Clomiphene is well absorbed following oral administration, and the drug and its metabolites are eliminated primarily in the feces. The long plasma t122 (5-7 days) is due largely to plasma-protein binding, enterohepatic circulation, and accumulation in fatty tissues.

Fulvestrant is administered monthly by intramuscular depot injections. Plasma concentrations peak in 7 days and then are maintained for a month. The drug is eliminated primarily via the feces.

Therapeutic Uses breast cancer Tamoxifen is highly efficacious in the palliation of advanced breast cancer in women with ER-positive tumors and for hormonal treatment of both early and advanced breast cancer in women of all ages. Response rates are ~50% in women with ER-positive tumors and 70% for ER-positive, PR-positive tumors. Tamoxifen increases disease-free and overall survival; a 5-year treatment period is more efficacious than shorter treatments. Tamoxifen reduces by 50% the risk of developing contralateral breast cancer in women at high risk and is approved for primary prevention in this setting. Prophylactic treatment should be limited to 5 years. The most frequent side effect is hot flashes. Tamoxifen increases the risk of endometrial cancer and throm-boembolic disease by two- to threefold.

Toremifene has therapeutic actions similar to tamoxifen. Fulvestrant may be efficacious in women who become resistant to tamoxifen, perhaps by downregulating ERa. Untoward effects of fulvestrant include hot flashes, GI symptoms, headache, back pain, and pharyngitis.

osteoporosis Raloxifene reduces the rate of bone loss and may increase bone mass at certain sites. Raloxifene increased lumbar bone mineral density by more than 2% and reduced the rate of vertebral fractures by 30-50%, but did not significantly reduce nonvertebral fractures. Raloxifene does not appear to increase the risk of endometrial cancer. The drug has beneficial actions on lipoprotein metabolism, reducing both total cholesterol and LDL; HDL is not increased. Adverse effects include hot flashes, deep vein thrombosis, and leg cramps.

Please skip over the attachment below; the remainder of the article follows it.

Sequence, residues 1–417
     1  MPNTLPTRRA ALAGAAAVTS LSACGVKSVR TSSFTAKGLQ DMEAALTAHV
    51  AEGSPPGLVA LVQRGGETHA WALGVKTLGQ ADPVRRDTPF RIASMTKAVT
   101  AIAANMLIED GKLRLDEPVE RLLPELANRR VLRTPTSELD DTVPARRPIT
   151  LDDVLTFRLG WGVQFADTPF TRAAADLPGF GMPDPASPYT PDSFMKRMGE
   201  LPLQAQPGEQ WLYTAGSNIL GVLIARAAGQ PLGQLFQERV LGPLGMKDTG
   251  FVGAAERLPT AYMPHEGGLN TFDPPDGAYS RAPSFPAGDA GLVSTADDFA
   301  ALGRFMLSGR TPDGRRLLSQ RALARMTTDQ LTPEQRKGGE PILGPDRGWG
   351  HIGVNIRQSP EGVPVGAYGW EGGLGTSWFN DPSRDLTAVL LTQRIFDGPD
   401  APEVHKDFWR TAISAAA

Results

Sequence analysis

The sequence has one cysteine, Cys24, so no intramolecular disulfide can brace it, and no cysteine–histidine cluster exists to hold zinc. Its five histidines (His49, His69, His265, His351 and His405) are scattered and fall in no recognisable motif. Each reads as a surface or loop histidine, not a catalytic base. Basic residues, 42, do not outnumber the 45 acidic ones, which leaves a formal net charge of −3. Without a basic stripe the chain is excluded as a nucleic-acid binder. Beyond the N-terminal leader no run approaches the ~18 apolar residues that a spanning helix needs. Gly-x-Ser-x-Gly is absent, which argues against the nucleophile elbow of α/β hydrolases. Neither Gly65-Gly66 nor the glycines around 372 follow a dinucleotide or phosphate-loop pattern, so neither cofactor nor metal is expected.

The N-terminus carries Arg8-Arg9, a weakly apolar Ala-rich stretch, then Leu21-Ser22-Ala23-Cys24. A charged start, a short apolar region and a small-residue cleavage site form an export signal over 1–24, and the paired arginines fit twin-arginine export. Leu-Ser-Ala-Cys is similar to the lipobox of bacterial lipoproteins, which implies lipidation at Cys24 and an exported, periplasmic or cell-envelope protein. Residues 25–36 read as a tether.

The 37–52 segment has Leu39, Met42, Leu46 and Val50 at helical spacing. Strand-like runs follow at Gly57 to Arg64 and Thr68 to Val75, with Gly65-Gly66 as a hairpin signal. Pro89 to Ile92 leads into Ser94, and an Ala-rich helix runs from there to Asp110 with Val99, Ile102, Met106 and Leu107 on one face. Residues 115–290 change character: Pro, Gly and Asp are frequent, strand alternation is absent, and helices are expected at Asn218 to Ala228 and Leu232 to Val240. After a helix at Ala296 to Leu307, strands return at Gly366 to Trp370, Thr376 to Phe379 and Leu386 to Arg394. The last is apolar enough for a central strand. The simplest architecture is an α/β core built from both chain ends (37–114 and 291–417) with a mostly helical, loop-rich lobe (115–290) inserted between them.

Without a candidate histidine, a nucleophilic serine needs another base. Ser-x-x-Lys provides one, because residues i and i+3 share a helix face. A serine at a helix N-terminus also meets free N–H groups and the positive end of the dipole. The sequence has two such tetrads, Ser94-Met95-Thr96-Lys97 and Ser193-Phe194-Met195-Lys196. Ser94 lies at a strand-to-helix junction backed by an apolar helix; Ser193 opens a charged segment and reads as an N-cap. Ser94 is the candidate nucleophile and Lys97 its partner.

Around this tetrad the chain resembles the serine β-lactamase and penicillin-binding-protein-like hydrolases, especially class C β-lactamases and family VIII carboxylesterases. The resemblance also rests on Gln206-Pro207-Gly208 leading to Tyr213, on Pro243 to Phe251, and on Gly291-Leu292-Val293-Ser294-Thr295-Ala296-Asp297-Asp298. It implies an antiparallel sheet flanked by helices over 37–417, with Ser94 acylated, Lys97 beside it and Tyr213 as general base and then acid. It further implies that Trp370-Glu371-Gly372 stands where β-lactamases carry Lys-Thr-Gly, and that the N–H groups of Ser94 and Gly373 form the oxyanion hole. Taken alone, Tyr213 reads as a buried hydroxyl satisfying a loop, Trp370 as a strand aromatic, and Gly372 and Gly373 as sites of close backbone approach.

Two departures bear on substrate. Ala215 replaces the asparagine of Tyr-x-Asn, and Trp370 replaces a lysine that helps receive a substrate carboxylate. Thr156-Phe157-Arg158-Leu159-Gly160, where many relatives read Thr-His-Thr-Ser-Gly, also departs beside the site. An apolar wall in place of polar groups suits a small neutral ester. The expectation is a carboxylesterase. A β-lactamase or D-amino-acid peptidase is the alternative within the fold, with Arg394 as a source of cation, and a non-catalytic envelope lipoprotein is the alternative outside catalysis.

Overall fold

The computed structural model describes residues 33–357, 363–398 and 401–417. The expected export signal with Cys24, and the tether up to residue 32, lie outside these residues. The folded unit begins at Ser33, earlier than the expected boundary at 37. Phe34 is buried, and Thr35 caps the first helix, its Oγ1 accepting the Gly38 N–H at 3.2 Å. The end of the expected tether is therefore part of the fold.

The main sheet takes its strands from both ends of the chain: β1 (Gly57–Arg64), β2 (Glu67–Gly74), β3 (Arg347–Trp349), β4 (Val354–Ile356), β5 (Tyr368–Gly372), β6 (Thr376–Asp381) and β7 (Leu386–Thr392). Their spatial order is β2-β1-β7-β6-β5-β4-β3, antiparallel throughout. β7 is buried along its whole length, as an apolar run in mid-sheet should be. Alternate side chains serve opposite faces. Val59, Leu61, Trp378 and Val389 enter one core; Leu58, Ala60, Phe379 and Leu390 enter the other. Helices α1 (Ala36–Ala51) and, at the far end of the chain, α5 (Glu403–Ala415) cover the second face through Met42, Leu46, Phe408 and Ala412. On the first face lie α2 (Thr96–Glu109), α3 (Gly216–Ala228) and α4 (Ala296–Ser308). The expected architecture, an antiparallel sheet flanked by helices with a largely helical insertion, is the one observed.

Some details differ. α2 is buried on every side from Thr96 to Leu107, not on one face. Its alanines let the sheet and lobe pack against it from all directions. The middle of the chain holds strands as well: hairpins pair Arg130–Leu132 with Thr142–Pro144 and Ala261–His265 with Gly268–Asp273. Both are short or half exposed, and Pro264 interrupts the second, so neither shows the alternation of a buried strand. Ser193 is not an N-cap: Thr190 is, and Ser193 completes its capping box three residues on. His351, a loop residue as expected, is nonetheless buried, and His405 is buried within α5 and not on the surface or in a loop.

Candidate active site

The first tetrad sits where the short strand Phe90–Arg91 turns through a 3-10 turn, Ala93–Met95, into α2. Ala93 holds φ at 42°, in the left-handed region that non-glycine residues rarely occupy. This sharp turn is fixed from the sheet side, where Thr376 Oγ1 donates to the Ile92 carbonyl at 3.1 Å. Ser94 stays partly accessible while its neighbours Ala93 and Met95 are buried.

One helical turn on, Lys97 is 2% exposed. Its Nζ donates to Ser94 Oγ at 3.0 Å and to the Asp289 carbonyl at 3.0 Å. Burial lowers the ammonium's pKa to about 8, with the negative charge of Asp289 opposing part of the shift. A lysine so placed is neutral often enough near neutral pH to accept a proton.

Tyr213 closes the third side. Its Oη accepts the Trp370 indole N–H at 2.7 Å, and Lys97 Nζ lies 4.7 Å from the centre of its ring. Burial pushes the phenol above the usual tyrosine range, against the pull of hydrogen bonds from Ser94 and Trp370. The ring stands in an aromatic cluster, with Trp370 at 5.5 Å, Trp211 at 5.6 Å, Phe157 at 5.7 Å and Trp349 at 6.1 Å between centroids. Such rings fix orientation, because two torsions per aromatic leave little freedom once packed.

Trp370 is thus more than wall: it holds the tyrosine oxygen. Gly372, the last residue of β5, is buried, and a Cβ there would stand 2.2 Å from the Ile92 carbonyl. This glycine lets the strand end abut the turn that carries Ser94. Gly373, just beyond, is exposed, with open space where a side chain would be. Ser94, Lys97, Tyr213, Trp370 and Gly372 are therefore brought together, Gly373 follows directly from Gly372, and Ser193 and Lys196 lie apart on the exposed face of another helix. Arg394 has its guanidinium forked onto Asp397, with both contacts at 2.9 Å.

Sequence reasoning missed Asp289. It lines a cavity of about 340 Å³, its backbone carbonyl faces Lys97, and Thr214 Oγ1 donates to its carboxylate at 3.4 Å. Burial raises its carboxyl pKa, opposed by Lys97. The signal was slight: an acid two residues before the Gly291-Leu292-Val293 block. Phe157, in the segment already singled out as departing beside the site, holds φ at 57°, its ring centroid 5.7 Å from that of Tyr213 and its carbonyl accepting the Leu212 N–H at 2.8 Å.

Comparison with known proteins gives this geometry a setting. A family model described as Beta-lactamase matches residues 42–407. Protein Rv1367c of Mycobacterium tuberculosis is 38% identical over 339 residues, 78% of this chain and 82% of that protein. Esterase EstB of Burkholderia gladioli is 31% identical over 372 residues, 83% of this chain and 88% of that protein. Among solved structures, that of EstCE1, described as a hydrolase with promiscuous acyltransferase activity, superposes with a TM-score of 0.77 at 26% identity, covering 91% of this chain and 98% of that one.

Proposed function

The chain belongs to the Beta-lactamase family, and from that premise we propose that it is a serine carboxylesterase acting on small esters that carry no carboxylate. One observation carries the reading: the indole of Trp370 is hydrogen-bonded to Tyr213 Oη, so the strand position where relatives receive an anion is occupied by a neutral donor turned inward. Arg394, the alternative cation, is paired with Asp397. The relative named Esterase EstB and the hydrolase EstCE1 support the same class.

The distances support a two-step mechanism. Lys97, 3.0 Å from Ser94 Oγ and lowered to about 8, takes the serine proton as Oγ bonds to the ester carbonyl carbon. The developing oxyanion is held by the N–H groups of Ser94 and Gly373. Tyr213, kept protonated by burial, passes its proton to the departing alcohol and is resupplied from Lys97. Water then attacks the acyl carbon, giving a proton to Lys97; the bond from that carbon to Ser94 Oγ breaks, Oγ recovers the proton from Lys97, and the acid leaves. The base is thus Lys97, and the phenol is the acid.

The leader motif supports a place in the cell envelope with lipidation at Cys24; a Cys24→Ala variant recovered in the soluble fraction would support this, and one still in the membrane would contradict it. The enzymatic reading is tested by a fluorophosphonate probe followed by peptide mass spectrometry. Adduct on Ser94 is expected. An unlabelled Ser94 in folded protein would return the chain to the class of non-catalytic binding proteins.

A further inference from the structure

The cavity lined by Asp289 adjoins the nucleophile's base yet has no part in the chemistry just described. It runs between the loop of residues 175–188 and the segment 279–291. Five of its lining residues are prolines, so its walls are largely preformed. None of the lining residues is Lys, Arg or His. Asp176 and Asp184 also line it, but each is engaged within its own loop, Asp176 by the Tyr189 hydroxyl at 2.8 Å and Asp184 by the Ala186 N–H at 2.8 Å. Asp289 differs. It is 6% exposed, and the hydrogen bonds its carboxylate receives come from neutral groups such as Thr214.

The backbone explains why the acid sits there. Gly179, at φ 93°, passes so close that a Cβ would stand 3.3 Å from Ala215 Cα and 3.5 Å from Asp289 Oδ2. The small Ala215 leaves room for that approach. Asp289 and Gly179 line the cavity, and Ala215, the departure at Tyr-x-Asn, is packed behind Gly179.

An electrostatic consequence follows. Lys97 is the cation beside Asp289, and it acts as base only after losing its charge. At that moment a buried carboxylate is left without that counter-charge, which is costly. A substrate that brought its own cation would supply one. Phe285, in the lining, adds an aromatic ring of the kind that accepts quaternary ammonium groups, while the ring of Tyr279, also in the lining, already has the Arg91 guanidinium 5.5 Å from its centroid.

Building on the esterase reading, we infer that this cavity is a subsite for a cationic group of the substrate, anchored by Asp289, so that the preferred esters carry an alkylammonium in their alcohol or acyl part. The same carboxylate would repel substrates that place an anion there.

infertility Clomiphene is used primarily for treatment of female infertility due to anovulation. By increasing FSH levels, clomiphene enhances follicular recruitment. The drug is relatively inexpensive, orally active, and requires less extensive monitoring than do other fertility protocols. Untoward effects include ovarian hyperstimulation, increased incidence of multiple births, ovarian cysts, hot flashes, and blurred vision. Prolonged use (e.g., 12 or more cycles) may increase the risk of ovarian cancer. Clomiphene should not be administered to pregnant women due to reports of teratogenicity in animals, although there is no evidence of this in humans.

Estrogen-Synthesis Inhibitors

Continual administration of GnRH agonists prevents ovarian synthesis of estrogens but not their synthesis from adrenal androgens (see Chapter 55). The recognition that locally produced estrogens may play a significant role in breast cancer has greatly stimulated interest in the use of aromatase inhibitors to selectively block estrogen production. Both steroidal (e.g., formestane and exemestane [aromasin]) and nonsteroidal agents (e.g., anastrozole [arimidex], letrozole [femara], and voro-zole) are available. Steroidal (type 1) agents are substrate analogs that act as suicide inhibitors to irreversibly inactivate aromatase, while the nonsteroidal (type 2) agents interact reversibly with the heme groups of CYPs. Exemestane, letrozole, and anastrozole are approved in the U.S. for the treatment of breast cancer. The structures of exemestane and anastrozole are shown in the 11th edition of the parent text:

These agents may be used as first-line treatment of breast cancer or as second-line drugs after tamoxifen. They are highly efficacious and actually superior to tamoxifen in some adjuvant settings; unlike tamoxifen, they do not increase the risk of uterine cancer or venous thromboembolism. Because they dramatically reduce circulating and local levels of estrogens, they produce hot flashes. The marked decreases in estrogen levels are likely to be associated with significant bone loss, but long-term studies are needed.

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  • demsas
    Does raloxifene raise blood pressure?
    5 months ago